As Northern Nevada’s community newspaper, our inclination is to discuss the lessons learned and provide insight gleaned from the horrific terrorist attacks on the World Trade Center and the Pentagon on Sept. 11, 2001.
Unfortunately, the memories of the positive lessons learned—that common individuals can act with bravery and honor in the face of great adversity, that first responders should be treated with respect underpinned by support and acknowledgement of everyday courage, that Americans and American politicians can come together to act with one mind—have been undermined by 10 long years of political gamesmanship. That gamemanship and profiteering has divided this country, eroded our freedoms, and made cynics of some of the most engaged and optimistic of this country’s citizens.
But maybe in a perverse way, that’s one positive lesson that can be stated from the 10-year tragedy: Things can change on a dime if America acts as a country.
But it’s not our responsibility to be jingoistic, and it would be dishonest to claim that the positive lessons learned outweigh the schools-of-hard knocks instruction.
Perhaps the biggest lesson learned in the wake of the tragedy is that profiteers and ideologues will take advantage of any opportunity to move their philosophy forward. That includes the deaths of fellow citizens, the deaths of innocents in other countries, the sacrifice of American soldiers, and the American inclination toward patriotism.
And maybe that’s a second positive lesson that can be stated: Americans must be on constant guard against reactive legislation and rash rushes toward war.
Some of the most horrible acts committed by representatives of this country’s citizens were perpetrated in defense of “freedom.” The acts of torture in our prison camps and extraordinary rendition—the abduction and transfer of individuals to hidden compounds where they would be tortured and held without family notification or a court of justice—that our representatives supported through acceptance and deed will be a karmic scar on this country for the foreseeable future.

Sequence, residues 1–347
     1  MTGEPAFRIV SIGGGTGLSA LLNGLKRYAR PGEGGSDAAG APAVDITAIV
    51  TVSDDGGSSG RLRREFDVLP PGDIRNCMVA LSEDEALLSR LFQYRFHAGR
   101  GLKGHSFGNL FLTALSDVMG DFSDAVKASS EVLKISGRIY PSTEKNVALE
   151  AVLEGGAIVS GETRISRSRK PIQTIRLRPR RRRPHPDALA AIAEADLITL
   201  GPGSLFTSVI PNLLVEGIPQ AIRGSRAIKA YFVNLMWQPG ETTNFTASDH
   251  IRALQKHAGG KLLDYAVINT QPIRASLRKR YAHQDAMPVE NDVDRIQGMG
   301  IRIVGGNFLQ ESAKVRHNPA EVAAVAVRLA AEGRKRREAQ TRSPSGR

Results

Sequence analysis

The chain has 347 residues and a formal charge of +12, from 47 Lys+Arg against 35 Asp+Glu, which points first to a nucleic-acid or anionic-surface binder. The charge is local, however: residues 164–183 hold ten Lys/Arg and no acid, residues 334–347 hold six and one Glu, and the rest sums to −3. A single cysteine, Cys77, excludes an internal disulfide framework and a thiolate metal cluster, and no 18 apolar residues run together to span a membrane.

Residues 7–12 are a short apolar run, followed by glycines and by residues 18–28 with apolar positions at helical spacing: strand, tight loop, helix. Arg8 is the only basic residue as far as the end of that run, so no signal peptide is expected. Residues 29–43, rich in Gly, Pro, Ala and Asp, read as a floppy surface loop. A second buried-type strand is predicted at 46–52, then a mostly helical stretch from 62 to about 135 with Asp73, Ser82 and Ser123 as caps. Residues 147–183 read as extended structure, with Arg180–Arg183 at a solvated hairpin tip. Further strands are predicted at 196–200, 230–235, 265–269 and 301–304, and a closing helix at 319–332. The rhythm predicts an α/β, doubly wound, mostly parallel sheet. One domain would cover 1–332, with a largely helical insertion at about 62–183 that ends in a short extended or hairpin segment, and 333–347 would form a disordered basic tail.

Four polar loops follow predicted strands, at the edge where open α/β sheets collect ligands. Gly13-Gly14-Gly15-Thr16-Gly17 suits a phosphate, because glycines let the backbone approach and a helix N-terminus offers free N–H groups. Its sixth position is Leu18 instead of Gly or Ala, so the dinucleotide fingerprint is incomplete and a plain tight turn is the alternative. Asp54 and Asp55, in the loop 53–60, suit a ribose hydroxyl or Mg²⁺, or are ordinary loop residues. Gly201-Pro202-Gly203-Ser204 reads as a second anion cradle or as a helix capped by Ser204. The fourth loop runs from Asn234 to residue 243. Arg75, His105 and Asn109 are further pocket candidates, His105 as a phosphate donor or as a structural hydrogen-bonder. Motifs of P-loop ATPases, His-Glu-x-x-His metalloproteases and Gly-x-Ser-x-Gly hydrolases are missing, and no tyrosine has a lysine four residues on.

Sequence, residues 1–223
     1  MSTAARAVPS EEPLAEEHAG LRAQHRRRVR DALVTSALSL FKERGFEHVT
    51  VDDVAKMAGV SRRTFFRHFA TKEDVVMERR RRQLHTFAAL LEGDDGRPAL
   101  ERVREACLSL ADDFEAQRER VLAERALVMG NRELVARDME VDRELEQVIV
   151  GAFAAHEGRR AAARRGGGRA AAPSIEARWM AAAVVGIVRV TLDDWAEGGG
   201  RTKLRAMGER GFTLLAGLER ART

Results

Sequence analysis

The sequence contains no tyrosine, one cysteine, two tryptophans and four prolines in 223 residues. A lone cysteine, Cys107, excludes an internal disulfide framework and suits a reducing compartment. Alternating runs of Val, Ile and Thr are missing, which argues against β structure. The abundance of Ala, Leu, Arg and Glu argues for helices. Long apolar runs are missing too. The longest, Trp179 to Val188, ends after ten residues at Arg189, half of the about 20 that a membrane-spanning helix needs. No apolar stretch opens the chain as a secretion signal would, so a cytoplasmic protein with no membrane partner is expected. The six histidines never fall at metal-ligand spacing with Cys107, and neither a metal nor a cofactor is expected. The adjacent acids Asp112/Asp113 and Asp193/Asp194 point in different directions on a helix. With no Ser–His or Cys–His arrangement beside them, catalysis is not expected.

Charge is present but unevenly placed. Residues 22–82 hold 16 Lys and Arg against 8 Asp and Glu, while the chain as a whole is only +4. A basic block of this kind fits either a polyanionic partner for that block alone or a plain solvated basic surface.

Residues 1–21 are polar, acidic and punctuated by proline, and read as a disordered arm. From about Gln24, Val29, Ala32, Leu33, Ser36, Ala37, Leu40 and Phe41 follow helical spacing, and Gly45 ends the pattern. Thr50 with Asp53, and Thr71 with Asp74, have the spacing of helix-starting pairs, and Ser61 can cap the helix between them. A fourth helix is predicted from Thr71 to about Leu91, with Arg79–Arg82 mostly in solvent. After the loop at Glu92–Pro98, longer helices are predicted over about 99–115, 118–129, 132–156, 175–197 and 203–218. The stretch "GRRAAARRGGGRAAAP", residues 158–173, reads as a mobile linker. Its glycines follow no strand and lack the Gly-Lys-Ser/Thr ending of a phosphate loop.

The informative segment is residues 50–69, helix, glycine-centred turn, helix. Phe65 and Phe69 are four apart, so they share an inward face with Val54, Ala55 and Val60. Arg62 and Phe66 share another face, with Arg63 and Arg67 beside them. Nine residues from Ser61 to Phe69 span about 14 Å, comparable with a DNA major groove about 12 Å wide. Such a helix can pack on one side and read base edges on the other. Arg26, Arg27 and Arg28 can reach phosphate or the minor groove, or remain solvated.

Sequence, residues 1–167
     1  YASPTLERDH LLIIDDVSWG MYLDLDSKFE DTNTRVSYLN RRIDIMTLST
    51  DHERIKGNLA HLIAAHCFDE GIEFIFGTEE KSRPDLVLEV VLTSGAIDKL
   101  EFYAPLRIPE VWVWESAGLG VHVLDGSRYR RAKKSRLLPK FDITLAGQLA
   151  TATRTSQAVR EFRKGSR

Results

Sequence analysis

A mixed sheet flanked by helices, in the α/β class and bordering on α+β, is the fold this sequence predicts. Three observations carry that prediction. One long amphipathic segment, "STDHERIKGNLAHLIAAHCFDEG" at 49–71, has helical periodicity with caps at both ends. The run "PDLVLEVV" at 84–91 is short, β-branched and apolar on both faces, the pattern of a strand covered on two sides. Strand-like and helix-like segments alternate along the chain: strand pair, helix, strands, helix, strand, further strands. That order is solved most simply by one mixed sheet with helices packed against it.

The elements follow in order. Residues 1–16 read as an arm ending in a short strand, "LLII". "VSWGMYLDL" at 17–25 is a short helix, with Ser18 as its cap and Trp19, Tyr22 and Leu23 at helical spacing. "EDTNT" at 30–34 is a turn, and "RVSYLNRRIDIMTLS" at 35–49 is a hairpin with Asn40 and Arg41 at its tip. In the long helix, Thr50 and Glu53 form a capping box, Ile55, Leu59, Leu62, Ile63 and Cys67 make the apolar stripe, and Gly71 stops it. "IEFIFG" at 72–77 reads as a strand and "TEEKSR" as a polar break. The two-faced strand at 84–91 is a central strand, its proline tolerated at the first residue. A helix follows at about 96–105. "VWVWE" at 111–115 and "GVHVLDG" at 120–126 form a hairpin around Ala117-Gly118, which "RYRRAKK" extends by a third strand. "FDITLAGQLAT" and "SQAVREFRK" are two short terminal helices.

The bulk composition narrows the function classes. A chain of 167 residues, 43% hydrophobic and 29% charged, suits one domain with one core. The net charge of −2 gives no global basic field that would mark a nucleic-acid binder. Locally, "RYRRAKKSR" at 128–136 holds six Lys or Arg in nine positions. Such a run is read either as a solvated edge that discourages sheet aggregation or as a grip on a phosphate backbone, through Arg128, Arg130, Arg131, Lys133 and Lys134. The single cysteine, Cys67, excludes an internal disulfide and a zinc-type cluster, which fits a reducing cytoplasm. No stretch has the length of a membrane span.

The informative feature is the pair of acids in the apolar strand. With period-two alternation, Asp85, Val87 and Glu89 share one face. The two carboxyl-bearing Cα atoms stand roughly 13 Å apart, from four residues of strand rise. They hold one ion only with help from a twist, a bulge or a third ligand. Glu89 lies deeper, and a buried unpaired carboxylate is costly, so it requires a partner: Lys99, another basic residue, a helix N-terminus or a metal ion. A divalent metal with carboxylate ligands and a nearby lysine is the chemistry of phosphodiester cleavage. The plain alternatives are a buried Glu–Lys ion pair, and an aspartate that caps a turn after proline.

According to the Brown University Costs of War project, some $1.3 trillion has been spent on the wars in Iraq and Afghanistan. The total amount spent on “security” by the U.S. government since the terrorist attacks of Sept. 11, 2001, is $7.6 trillion. Every senior in the country could have received a dignified retirement—thus solving the unemployment crisis. Every student in the country could have received the education that every citizen in this country deserves.
We learned that there are very few politicians in Washington, D.C., who will act with the strength of their convictions or with an actual attendance to what is written in the U.S. Constitution. In the 10 years since 9/11, we learned that presidents of either party will act aggressively without a declaration of war. We learned—once again—that members of both the mainstream media and the new media will act as loudspeakers for the partisan, anti-American ideologues. We learned that liberty is always the first casualty of security. We learned that our government will absolutely manipulate the facts given to the public in order to achieve hidden agendas.
Perhaps the greatest lesson we learned is that the lessons learned in so many tragedies before those terrorist attacks of 10 years ago went unlearned.